She’s tried everything. Therapy, self-help books, yoga, 12-step groups, pills, even alcohol. But she can’t let go. She can’t stop dreaming about him. She can’t stop seeing him everywhere she goes.
For 20 years, Laurie Strode has been haunted by the memories of her homicidal brother, Michael Myers, and with good reason. On Halloween night 1978, he stalked her unsuccessfully for two movies. He killed several of her friends.
But despite faking her death in a publicized car accident and secretly relocating from Illinois to California under a new identity, there is no closure. How can there be when, against all the rules of nature and common sense, he’s still out there.
This is the set-up for Halloween H20: 20 Years Later, an unusual sequel in this long-running horror saga. Disappearing almost all of the events of the last four films (Season Of The Witch to The Curse Of Michael Myers) and literarily resuscitating its original, dead protagonist, it’s definitely an improvement over the last chapter. But despite some welcome intelligence, some funny bits and a few genuine scares, it feels unnecessary.
Once again, Jamie Lee Curtis plays Laurie who now goes by the name of Keri Tate. She’s a divorced academic with a 17-year-old son (Josh Harnett in his first film role) who runs a private high school. (There is zero mention of Jamie Lloyd, her orphaned daughter from Halloweens 4, 5 & 6.) Now dating Will Brennan (Adam Arkin), the school’s guidance counsellor, she’s reluctant to tell him about her past.
Meanwhile, without any clear explanation, Myers is loose (did he escape the institution again?) and back in Illinois to take care of some unfinished business. The nurse he didn’t kill from the original Halloween has a file on Laurie which apparently reveals her current location. He finds her house, rampages through her office until he finds out the truth and then sticks around to slit her throat. (His first appearance is a decent scare.) He also puts down a couple of her teenage neighbours including Joseph Gordon-Levitt. (I’m glad I no longer own hockey skates.)
As the 20th Anniversary of the original Halloween massacre approaches, Laurie suffers night terrors and starts hallucinating. She looks out the window and there’s his reflection. She turns around and instead of seeing Will, she sees the man in the Shatner mask. No wonder she’s hittin’ the booze hard.
Not helping matters is a school trip her son John wants to go on. Now the same age she was when her brother first came after her, she forbids it much to his disappointment. Realizing wrongly, as it turns out, that she’s way too overprotective (in turn, he’s tired and growing ever more resentful of being her caregiver), she signs the permission slip but by that point, John has made other plans. Along with his girlfriend Molly (Michelle Williams) and their mutual friends, Charlie (occasionally amusing Adam Hann-Byrd from Little Man Tate) and his partner, Sarah (Jodi Lyn O’Keefe), he’s staying on campus for a romantic night.
A terrible idea, of course, because Michael Myers is secretly driving around in a stolen car (when did he learn to drive?) and he now knows about Laurie’s new life. Thanks to the school’s distracted security guard (LL Cool J) who tries to convince his girlfriend via telephone that he’s got a future penning erotica (spoiler: he doesn’t), Myers very easily slips by him once the gate is open.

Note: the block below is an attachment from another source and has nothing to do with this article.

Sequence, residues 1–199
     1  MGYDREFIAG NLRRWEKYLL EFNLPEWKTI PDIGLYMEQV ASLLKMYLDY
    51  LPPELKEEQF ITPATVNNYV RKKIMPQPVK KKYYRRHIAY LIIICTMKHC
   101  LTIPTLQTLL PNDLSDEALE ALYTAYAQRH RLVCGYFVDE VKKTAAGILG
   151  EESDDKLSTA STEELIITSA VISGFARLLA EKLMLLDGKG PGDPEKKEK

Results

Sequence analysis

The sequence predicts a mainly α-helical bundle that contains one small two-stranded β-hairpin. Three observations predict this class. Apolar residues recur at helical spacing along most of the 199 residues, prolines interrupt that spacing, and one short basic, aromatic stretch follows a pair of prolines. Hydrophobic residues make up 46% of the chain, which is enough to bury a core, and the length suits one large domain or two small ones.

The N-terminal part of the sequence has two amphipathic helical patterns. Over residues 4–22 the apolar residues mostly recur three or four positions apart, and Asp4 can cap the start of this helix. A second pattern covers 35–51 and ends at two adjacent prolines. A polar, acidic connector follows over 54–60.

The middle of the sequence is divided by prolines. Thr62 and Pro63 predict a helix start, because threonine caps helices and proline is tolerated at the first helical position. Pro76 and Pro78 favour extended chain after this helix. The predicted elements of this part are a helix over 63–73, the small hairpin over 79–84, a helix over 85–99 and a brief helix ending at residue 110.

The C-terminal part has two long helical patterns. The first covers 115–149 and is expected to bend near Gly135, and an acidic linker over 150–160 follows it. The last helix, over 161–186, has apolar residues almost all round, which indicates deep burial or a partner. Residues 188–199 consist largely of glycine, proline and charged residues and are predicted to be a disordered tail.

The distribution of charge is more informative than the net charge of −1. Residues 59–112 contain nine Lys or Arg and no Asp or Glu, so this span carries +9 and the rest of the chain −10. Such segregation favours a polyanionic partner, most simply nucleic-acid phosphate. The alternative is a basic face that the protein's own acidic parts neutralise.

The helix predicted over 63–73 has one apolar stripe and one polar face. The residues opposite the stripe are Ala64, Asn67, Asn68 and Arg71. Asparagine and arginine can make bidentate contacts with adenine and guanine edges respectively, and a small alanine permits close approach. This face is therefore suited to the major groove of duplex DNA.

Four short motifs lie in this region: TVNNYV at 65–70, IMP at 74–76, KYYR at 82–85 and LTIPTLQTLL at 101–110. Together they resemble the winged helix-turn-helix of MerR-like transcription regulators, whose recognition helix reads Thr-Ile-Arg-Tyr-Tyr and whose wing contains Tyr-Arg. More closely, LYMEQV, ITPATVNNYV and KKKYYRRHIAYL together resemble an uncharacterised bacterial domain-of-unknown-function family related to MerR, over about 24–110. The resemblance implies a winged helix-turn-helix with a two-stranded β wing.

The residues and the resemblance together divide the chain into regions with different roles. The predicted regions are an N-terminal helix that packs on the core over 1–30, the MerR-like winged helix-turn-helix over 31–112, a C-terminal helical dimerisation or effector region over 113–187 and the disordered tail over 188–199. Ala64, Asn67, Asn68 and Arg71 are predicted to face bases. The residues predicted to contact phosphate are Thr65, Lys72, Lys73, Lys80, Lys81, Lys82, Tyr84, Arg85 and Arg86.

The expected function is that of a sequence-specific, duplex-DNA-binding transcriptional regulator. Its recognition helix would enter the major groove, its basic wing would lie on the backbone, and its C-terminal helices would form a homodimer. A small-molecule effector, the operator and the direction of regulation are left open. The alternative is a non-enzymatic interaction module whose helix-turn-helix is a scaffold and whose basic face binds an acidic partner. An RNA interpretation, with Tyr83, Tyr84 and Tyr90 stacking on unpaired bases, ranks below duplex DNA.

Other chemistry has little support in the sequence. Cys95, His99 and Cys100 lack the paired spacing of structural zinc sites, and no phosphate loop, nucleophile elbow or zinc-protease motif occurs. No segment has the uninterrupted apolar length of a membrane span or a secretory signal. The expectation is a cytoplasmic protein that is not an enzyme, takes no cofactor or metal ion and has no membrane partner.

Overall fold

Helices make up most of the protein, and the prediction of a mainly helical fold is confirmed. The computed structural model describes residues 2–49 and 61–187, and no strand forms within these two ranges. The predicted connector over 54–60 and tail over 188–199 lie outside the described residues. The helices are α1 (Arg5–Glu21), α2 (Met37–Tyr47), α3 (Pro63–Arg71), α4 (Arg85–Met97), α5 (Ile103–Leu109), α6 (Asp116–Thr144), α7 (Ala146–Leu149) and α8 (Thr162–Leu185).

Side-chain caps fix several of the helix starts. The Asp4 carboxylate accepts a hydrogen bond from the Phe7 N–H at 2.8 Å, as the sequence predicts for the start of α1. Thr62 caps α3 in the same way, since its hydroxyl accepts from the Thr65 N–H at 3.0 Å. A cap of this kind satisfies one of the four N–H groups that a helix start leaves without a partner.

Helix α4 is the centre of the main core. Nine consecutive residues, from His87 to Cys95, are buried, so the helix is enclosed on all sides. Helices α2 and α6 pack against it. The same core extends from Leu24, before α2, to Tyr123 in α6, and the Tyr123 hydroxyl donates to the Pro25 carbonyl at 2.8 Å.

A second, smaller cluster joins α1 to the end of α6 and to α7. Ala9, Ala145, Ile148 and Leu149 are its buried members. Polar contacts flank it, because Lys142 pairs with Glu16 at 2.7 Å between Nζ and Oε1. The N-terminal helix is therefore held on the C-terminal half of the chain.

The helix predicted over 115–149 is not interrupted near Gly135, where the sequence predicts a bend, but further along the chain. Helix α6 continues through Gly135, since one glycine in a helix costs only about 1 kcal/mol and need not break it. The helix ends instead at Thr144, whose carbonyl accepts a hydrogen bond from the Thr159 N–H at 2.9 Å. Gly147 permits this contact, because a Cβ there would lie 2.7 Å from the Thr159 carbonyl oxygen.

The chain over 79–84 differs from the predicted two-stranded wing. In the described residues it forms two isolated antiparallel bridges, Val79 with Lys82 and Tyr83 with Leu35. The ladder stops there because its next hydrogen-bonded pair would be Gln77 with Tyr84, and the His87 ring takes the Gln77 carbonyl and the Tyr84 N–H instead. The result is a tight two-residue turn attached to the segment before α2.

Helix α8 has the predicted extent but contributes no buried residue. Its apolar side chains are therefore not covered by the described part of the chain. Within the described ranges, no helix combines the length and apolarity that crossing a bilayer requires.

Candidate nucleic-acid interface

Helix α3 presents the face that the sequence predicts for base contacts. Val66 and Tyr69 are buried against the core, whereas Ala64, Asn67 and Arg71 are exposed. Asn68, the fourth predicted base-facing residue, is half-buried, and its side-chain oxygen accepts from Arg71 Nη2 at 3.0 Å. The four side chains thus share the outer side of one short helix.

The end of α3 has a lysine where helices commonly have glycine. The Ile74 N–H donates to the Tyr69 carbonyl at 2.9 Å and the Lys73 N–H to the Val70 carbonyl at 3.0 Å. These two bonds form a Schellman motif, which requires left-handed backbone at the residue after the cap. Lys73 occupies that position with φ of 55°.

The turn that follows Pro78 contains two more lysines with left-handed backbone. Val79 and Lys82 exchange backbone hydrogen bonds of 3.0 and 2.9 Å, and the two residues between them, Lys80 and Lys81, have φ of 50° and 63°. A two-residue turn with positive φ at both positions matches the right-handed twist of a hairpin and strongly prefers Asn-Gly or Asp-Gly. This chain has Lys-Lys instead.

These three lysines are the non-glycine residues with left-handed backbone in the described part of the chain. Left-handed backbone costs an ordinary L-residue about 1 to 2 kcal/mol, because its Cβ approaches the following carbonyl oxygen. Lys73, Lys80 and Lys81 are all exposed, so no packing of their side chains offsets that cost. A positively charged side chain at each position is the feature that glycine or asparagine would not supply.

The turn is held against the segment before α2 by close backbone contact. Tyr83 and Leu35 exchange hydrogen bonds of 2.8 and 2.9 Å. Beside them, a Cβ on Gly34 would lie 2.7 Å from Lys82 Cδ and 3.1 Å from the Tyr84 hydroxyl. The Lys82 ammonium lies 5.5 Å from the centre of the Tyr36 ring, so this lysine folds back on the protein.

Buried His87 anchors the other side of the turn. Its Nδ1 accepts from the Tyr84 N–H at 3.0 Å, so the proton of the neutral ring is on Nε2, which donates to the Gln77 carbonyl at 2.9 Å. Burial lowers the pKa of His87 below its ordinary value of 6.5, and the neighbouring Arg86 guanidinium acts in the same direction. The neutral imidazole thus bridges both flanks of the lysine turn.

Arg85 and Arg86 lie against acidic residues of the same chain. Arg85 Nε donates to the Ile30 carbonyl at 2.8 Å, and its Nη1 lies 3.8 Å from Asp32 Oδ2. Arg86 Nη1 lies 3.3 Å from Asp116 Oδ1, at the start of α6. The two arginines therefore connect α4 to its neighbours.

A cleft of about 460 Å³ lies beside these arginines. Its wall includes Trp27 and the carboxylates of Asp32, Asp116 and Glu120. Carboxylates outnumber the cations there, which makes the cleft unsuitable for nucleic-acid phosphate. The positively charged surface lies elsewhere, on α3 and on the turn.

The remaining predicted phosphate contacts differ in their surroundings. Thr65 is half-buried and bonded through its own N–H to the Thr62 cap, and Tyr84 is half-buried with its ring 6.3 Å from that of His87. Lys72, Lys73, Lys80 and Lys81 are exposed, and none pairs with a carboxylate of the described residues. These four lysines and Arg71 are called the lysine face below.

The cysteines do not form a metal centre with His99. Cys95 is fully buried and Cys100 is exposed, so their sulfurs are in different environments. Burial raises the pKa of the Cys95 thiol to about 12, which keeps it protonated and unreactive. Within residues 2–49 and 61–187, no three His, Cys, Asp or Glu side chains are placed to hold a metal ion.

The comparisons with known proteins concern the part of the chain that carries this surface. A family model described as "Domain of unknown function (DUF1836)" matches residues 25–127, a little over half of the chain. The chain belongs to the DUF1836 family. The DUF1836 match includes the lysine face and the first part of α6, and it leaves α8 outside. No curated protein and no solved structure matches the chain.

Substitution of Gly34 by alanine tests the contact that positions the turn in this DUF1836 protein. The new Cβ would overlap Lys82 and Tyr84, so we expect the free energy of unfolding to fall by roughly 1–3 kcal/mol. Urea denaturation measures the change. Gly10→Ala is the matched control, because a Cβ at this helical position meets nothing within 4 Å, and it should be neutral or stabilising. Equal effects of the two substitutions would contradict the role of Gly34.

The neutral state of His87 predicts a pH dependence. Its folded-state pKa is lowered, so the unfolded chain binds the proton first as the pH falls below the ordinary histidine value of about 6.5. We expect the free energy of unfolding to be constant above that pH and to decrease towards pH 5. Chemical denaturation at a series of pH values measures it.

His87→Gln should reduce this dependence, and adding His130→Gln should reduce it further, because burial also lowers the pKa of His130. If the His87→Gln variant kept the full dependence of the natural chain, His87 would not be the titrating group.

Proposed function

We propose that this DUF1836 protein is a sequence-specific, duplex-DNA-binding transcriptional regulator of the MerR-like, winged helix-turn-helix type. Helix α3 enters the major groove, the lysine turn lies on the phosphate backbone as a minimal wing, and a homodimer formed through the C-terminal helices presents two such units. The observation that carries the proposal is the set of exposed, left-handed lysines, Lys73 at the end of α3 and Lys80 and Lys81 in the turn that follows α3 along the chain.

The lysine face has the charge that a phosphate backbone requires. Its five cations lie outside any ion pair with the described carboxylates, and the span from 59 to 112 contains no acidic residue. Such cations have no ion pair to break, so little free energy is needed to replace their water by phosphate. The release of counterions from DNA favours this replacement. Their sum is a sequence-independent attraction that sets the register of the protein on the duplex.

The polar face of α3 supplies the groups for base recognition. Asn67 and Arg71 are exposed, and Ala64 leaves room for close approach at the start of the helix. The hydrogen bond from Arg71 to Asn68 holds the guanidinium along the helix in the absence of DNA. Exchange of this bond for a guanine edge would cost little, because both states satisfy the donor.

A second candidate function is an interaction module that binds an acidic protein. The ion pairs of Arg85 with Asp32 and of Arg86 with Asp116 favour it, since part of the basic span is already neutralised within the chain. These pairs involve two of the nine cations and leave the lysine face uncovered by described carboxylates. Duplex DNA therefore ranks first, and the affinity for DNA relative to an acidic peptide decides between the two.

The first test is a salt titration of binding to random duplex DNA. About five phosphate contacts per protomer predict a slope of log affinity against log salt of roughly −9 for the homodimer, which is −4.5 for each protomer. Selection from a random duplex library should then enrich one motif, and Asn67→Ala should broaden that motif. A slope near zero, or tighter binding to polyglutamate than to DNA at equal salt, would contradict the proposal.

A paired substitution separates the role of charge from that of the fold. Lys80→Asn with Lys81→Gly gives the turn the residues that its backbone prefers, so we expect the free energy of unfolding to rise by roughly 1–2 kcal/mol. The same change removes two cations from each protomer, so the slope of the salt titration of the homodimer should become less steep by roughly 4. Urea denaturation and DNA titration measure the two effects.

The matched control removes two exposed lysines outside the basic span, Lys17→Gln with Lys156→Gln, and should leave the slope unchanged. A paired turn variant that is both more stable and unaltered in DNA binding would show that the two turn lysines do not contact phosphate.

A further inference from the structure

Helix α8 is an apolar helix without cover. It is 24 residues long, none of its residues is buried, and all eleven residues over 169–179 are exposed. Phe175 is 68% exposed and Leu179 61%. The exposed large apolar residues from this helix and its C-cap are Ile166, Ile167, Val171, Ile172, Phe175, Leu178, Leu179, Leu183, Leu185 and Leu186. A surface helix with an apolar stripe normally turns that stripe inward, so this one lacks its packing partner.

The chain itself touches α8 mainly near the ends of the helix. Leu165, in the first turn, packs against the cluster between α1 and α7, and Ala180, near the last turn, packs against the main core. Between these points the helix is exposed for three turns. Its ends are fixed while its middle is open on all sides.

And just like that, we’re down to one couple.
Meanwhile, Laurie confesses all to Will and after suddenly remembering the age of her son, she panics and soon discovers he never left for that school camping trip.
One of my biggest annoyances with this movie is its overuse of false alarms, those irritating moments when we’re expecting something terrible to happen only to be fooled again and again. I saw most of them a mile away, although one actually made me jump but it’s such a cheat. Having someone unexpectedly jump into frame is such an easy way to spook you.
That reliance on an old horror cliché grows tired very quickly as does the indestructability of Michael Myers in general. Ok, I get it. He’s supposed to be more than human than human, an unrepentant monster with superhuman strength and extraordinary healing powers. He’s not like other men.
But come on. Haven’t the filmmakers in this series stretched out this idea beyond all credibility?
Despite wisely erasing all but one of the events of four previous sequels, it’s still not believable that he’s alive, ditto Laurie, for that matter. (It’s never properly explained how she was able to fool people, including her now erased daughter, into thinking she’s been dead this whole time. We’re just asked to accept it without question.) And because the original remains a tough act to follow (after watching the TV version three decades ago as a terrified 10-year-old, I’ve never seen the theatrical cut in its entirety), there’s no escaping the routine nature of watching Myers hack up a bunch of people for no good reason.
Since this is the central focus of this series (psycho in a mask killing a bunch of teenagers because of an unchecked compulsion), a concept that’s been ripped off far too often for too many years, there’s little room for originality and true suspense. It’s hard to be surprised when you’ve seen it all before.
As a result, Halloween H20: 20 Years Later, despite some genuine laughs, some effective atmosphere and welcome intelligence (the reference to Mary Shelley’s Frankenstein novel is a sharp touch), can’t truly erase the missteps of its tarnished legacy.
Hamilton, Ontario, Canada
Sunday, October 4, 2015